The Topiaries are shipping!

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topiaries in the green house

Topiaries are shipping!

Spring is doing it’s very best to break through the thick layer of frost and snow here at Snug Harbor Farm. How we really know it’s around the corner, is our collection of topiaries are preparing to ship by this weekend to new homes around the country. So much is percolating under the surface! This year’s crop consists of the classic myrtle and lavender as well as new comers wistringia, curry, santolina and coleus. New growth is sprouting all over the property with the renovated shop, to subtle changes in the barn and new inventory in all five of the greenhouses.

All adding up to one thing: it’s time for a visit. Hope to see you all very soon.

There are many resources on the web for learning more about topiaries.  In fact, Snug Harbor Farm topiaries were featured in Better Homes & Garden.  You can read the online article (BH&G charges a minor fee for archives online) here.

View SNF in Better Homes & Garden

A Cornocopia of Interesting Houseplants

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While the temperatures outside begin to dip, we will all be spending more and more time indoors. We have an interesting selection of houseplants in the greenhouse that make for lovely greenery to be enjoyed in your home through the holidays and beyond.

Of course we always have topiaries. Besides the myrtle shown in the previous post, we have some unusual coleus standards(shown below) and some bright lemon cypress pruned into classical shapes(shown left).

We have easy to care for ivy, a variety of different ferns and some adorable mini fushia standards in bloom.

We have a lot of blooming begonias and ferns that do well in pots even with low light conditions.

Come in and find out what’s in bloom today!

Myrtle Topiaries Demystified!

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One of the most common questions I seem to get from both novice and experienced gardeners alike this time of the year is “How do I keep my myrtle topiary alive indoors through the winter?”. I will admit they can seem a bit finicky, but just like any houseplant, all they need is the right balance of sunlight and water to sustain their growth. Well, that’s the short answer, anyway.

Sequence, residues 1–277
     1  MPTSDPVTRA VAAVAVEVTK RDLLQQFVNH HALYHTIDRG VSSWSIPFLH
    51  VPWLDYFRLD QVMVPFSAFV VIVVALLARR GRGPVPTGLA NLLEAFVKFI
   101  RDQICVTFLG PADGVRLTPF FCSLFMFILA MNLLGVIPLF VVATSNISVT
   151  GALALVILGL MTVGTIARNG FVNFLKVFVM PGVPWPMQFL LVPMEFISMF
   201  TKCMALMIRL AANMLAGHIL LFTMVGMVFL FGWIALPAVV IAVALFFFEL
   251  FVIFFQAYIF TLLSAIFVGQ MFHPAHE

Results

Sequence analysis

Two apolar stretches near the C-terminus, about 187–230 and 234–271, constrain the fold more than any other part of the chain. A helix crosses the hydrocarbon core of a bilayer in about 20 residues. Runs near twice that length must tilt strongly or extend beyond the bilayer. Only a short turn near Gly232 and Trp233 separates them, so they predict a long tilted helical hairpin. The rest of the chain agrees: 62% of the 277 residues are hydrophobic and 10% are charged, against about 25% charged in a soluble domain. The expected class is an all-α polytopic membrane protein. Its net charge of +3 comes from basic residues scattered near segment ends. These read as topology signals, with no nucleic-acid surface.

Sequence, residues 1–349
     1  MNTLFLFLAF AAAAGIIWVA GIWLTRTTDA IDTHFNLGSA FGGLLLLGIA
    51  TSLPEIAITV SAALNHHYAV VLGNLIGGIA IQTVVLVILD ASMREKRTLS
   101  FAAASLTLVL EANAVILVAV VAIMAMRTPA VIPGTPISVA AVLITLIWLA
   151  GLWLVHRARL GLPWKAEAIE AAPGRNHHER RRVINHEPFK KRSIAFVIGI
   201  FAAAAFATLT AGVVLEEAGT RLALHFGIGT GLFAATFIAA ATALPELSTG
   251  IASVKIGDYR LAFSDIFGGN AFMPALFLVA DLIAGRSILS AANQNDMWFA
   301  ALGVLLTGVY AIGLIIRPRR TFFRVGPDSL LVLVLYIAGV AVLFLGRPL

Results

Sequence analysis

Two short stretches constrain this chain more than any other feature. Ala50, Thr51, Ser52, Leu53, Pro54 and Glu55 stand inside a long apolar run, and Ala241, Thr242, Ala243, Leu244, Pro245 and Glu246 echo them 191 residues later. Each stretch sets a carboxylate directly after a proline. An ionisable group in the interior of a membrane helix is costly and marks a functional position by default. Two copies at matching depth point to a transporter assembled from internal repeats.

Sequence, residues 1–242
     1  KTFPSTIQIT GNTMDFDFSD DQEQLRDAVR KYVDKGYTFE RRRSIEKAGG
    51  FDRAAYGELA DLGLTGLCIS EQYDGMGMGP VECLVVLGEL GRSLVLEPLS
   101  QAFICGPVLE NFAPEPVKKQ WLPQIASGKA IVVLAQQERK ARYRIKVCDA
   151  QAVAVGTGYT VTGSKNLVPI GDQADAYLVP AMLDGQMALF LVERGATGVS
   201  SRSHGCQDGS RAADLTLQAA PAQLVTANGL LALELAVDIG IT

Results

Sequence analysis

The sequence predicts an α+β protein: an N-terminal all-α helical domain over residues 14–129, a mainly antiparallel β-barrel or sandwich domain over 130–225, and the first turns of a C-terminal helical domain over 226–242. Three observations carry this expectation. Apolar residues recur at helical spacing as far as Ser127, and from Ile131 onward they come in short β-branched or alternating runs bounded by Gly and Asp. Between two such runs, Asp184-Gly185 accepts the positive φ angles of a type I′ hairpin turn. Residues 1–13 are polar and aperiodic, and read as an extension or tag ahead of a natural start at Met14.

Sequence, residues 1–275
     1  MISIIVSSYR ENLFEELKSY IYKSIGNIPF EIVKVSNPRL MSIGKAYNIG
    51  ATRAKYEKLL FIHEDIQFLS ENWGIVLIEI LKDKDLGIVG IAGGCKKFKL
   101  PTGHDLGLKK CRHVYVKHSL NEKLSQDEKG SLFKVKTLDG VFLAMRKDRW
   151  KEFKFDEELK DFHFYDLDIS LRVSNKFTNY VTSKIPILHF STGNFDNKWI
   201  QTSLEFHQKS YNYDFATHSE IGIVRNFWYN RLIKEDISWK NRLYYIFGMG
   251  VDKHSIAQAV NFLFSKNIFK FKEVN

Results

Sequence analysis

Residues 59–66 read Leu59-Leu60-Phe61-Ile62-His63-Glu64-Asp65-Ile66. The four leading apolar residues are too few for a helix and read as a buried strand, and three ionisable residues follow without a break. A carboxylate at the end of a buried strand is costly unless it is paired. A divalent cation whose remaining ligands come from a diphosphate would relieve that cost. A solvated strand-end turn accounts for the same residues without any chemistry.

The long answer is that myrtle (we grow myrtus communis compacta, a small leaf variety) has been kept clipped this way as topiary for hundreds of years because it responds so well to being clipped into shapes, even if grown in a pot indoors.

We grow our topiaries on sight in the greenhouses at the farm. This requires practice and patience but also allow us to supply you with a well established plant that you will only need to maintain without too much trouble. Most of the topiaries we sell are already 1 1/2 to 2 years old and already well formed.

Most people find there myrtle plants thrive in the summer months. This is because myrtle prefers full direct sun. They can take a large amount of water in these conditions, especially for an established potted plant and so do best with regular, maybe even daily, watering in the summer. It is also best to clip your topiary often during it’s high growing season. This will not only make it easier to keep sufficiently watered, it will also keep the growth looking full and the shape well formed.

As the days get shorter in the fall and into the winter, the growth is likely to slow down considerably on your myrtle topiary. So should the amount of water and clipping necessary to maintain it. This means you won’t have to water or trim it as often! This is good, right? Just water it generously when the soil has dried out, you don’t have to soak it or mist it and the soil doesn’t want to be wet all of the time, watering approximately one to three times a week depending on how warm and dry your home is in the winter should do it, and just give it a quick trim when it starts to look shaggy, maybe once or twice a month.